This labour cost arbitrage  opportunity has continued. Western financial service, healthcare and customer service industries have started a transition from a craft mode to an industrial mode. During this transition, they need a large supply of reasonably skilled, low-cost, English-knowing workers. Low telecom costs  have made it possible to serve this need long-distance from India . When that transition is complete,  the arbitrage opportunity will disappear but that is still some time away .
A second fortuitous wave that is propelling India farther forward is the tremendous liquidity surplus in the world. Capital today is gushing out and finding its way into the Indian equity markets, into real estate, into almost anything that you can name.
But big questions stare us in the face, and yours is the generation that will have to find the answers to these questions.
What if the rupee that today trades at about Rs 45 to a dollar goes to Rs 20 or even Rs 10 per dollar in the next decade ?
What if the current excess liquidity situation in the world tightens and capital becomes risk averse and expensive? 
What if millions of our countrymen say we too want to be part of this Shining India  that is currently available only to the sons and daughters of people already in the middle class .
Remember, one day, one of you will be invited to make a Convocation Speech just as I have been invited today. If it takes the same time it took me to be invited, it will be the year 2040.
By that date, some say , India's GDP in US$ terms will exceed not only the European countries and Japan but also, perhaps, the United States.
But what these reports also say, and this part is often overlooked, is that in 2040, India's per capita GDP will be just 15% of that of the United States and a third of that of even Russia.
Another way of putting it is that even thirty five years from now, the average Indian will earn just Rs 5,000 a month. On this income he will have to feed and educate his children, look after their healthcare needs, afford entertainment and life insurance.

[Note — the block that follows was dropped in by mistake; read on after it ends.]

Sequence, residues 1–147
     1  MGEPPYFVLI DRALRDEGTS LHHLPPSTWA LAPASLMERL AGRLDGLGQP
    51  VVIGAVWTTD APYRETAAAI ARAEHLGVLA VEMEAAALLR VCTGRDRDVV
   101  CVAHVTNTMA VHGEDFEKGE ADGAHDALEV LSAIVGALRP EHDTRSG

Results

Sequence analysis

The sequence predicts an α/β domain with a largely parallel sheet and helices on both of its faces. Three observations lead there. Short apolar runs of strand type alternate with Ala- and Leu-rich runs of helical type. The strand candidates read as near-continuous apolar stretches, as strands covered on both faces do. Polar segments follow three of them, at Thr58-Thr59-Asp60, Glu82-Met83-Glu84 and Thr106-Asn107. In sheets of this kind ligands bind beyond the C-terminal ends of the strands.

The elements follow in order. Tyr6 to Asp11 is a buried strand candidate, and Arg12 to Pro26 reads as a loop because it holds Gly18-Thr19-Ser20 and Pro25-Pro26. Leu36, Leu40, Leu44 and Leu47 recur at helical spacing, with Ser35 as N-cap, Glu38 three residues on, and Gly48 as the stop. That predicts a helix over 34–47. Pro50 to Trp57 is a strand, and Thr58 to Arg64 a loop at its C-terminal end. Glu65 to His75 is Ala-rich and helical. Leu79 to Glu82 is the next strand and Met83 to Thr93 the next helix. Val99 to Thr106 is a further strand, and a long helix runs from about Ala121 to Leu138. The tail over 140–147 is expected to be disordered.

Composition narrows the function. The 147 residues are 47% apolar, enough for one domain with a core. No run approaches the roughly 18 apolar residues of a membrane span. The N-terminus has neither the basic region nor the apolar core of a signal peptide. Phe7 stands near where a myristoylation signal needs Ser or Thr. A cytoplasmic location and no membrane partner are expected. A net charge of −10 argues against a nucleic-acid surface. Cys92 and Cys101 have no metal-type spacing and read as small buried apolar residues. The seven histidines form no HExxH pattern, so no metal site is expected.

This means he must have a place to stay with clean water supply at, say, Rs 200 per month , uninterrupted electric power, perhaps at 50 paise per unit at the consumer level, medical insurance at, say, Rs 10 per person per month and life insurance perhaps at Rs 5 per person per month.
If we have to achieve this, we need to convert our economy to one that has the lowest transaction and transformation costs  in the world.
These seem impossible targets to achieve using the current management methods and present economic institutions. We need to devise new paradigms that achieve these targets without any subsidies, and one that allows businesses that provide these services excellent returns on their capital.
In finding answers to such challenges, in the past, all of us in Indian management have borrowed paradigms from the West and force-fitted them into the Indian situation.
For example, we often hear calls for reducing 'labour rigidity' in India. Every such call should remind us that we are trying to force-fit Henry Ford's mass manufacturing system to India. We forget that this paradigm  assumes a social system in which business cycle downturns can be dealt with by lay-offs and production cuts. It assumes, both, a labour shortage economy where people who are laid off quickly find jobs and a social security system that pays you for the time in between jobs.